Some of the most common commands for iterating with the FS in Linux that we use in our day-to-day tasks are:
mkdir dir- Create a single directory
mkdir -p foo/bar/dir- Create a directory with parent directories
touch file- Create a new file
mkdir -p foo/bar && touch foo/bar/file- Create a file with parent directories
Not very complex. And all of us are actually used to this syntax.
But let me introduce you a script which allows you to deal with paths with use of just one single command which is even simpler.
Take a look at the following examples to get an idea of how the process of creating paths may look like when following just one convention:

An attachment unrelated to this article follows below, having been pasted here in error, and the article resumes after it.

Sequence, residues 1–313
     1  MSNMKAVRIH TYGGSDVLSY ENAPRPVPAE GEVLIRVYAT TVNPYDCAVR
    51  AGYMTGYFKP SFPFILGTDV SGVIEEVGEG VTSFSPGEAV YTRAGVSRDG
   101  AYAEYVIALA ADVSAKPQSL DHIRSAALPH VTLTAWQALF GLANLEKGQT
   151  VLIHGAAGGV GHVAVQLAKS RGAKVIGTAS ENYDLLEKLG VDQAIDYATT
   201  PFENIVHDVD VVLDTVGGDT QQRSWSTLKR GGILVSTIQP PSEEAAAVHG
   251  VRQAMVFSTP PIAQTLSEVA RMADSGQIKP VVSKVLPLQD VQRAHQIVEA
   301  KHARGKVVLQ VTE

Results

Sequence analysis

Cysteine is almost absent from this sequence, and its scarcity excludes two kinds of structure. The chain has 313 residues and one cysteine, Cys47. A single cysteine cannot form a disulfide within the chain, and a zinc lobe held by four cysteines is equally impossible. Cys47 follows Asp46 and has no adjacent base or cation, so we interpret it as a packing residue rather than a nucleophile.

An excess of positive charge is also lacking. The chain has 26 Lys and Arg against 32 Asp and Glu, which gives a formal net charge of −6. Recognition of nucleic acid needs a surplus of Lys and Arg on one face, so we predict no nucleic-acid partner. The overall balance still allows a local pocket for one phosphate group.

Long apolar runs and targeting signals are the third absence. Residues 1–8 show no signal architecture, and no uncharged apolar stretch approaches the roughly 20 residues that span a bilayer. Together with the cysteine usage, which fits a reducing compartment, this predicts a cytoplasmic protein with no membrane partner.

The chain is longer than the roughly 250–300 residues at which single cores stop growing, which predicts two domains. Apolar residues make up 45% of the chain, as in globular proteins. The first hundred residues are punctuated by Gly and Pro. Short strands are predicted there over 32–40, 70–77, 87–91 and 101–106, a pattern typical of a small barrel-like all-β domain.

I was actually inspired by the way how the Vim NERDTree plugin deals with paths following the same convention described above.
If you want to create a file, just provide a path to it:
$ tt foo/bar/file # => Will create a file "/current/path/foo/bar/file"
If you want to create a directory, append a
/ to the path:
$ tt foo/bar/dir/ # => Will create a directory "/current/path/foo/bar/dir"
The same will also work for absolute paths:
$ tt /foo/bar/file # => Will create a file at "/foo/bar/file" $ tt /foo/bar/dir/ # => Will create a directory at "/foo/bar/dir/"
To install the script just copy one raw file from github to your search
$PATH and make it executable.
wget -O /tmp/tt -- https://gist.githubusercontent.com/zinovyev/1f8caf9e886de610e2dd2c22a4ef7d69/raw/tt ;\ chmod +x /tmp/tt ;\ sudo mv -f /tmp/tt /usr/bin/tt
That’s how the source code looks like: